Liberty News Forums Forums Political Opinion Page Texas Supreme Court Election lawsuit

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    Lawful elections are the heart of our freedoms. “No right is more precious in a free country than that of having a voice in the election of those who make the laws under which, as good citizens, we must live. Other rights, even the most basic, are illusory if the right to vote is undermined.” Wesberry v. Sanders, 376 U.S. 1, 10 (1964). Trust in the integrity of that process is the glue that binds our citizenry and the States in this Union.
    Elections face the competing goals of maximizing and counting lawful votes but minimizing and excluding unlawful ones. Reynolds v. Sims, 377 U.S. 533, 554-55 (1964); Bush v. Gore, 531 U.S. 98, 103 (2000) (“the votes eligible for inclusion in the certification are the votes meeting the properly established legal requirements”) (“Bush II”); compare 52 U.S.C. § 20501(b)(1)-(2) (2018) with id. § 20501(b)(3)-(4). Moreover, “the right of suffrage can be denied by a debasement or dilution of the weight of a citizen’s vote just as effectively as by wholly prohibiting the free exercise of the franchise.” Reynolds, 377 U.S. at 555. Reviewing election results requires not only counting lawful votes but also eliminating unlawful ones.
    It is an understatement to say that 2020 was not a good year. In addition to a divided and partisan national mood, the country faced the COVID-19 pandemic. Certain officials in the Defendant States presented the pandemic as the justification for ignoring state laws regarding absentee and mail-in

    voting. The Defendant States flooded their citizenry with tens of millions of ballot applications and ballots in derogation of statutory controls as to how they are lawfully received, evaluated, and counted. Whether well intentioned or not, these unconstitutional acts had the same uniform effect—they made the 2020 election less secure in the Defendant States. Those changes are inconsistent with relevant state laws and were made by non-legislative entities, without any consent by the state legislatures. The acts of these officials thus directly violated the Constitution. U.S. CONST. art. I, § 4; id. art. II, § 1, cl. 2.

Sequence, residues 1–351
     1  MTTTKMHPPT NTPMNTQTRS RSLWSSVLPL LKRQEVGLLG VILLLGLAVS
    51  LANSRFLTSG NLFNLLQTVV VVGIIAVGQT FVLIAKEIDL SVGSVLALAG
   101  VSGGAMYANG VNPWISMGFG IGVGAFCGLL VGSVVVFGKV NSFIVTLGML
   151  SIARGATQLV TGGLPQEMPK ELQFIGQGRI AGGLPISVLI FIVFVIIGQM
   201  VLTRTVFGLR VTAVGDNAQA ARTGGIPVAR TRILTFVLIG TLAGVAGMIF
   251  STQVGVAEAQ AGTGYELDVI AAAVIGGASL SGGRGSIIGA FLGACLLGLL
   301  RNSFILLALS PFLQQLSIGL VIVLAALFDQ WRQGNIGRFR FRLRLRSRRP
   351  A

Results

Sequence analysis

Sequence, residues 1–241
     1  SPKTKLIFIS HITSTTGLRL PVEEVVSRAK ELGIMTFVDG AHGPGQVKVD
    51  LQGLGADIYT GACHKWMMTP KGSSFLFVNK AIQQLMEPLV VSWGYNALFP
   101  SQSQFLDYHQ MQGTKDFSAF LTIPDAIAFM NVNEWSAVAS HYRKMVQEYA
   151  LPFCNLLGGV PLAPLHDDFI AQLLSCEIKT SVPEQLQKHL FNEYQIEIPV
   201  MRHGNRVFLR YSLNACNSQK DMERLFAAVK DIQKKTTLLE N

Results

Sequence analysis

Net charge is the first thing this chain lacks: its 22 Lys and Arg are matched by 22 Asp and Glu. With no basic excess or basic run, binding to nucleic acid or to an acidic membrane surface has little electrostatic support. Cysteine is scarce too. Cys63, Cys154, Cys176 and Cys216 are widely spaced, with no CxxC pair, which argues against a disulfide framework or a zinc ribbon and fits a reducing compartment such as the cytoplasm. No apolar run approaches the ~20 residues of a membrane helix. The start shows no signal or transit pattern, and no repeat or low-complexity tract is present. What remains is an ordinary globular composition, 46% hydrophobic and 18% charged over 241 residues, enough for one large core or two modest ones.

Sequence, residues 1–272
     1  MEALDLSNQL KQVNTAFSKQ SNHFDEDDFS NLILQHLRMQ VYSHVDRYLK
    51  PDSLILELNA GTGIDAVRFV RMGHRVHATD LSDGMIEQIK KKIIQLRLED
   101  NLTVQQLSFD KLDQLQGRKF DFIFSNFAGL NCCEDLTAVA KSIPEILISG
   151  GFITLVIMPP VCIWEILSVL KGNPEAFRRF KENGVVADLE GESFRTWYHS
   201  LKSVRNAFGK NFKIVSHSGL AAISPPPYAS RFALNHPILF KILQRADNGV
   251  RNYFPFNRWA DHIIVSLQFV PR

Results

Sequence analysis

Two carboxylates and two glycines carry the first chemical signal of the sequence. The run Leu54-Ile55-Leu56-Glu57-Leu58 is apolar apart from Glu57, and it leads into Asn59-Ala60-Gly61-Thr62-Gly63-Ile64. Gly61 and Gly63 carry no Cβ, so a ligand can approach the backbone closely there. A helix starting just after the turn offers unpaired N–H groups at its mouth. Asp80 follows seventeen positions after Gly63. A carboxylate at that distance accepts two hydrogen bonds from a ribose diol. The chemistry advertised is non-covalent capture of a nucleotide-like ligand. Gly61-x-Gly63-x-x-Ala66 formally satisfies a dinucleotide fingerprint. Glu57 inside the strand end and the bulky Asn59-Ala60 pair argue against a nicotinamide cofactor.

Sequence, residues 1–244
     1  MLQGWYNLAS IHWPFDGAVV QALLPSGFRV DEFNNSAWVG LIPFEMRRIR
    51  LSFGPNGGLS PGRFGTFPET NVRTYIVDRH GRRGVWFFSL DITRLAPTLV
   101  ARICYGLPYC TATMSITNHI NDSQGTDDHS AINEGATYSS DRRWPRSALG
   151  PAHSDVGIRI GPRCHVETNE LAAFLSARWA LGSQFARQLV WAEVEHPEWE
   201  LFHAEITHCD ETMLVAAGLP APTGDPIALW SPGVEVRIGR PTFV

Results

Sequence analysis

This case presents a question of law:
    violated the Electors Clause of Article II, Section 1, Clause 2 of the U.S. Constitution. By these unlawful acts, the Defendant States have not only tainted the integrity of their own citizens’ vote, but their actions have also debased the votes of citizens in Plaintiff State and other States that
    remained loyal to the Constitution.
    Elections for federal office must comport with
    federal constitutional standards, see Bush II, 531 U.S. at 103-05, and executive branch government officials cannot subvert these constitutional requirements, no matter their stated intent. For presidential elections, each State must appoint its Electors to the electoral college in a manner that complies with the
    Did the
    Defendant States violate the Electors Clause by taking non-legislative actions to change the election rules that would govern the appointment of presidential electors? These non-legislative changes to the Defendant States’ election laws facilitated the casting and counting of ballots in violation of state
    law, which, in turn,

    Constitution, specifically the Electors Clause requirement that only state legislatures may set the rules governing the appointment of electors and the elections upon which such appointment is based.1


    Texas suit was properly decided by SCOTUS.


    Further, no less than THREE of the SCOTUS team are Trump appointees and Alito and Thomas are by no means leftist plants. This was no deep state move. The SCOTUS ruling knocks the wind out of the Trump movement’s attempt to have Trump appointed even after losing the election.

    The actions by Trump now are simply to create a post-election status of being the forever-victim. He wants to keep his “base” activated and donating cash. This is the Trump grift.

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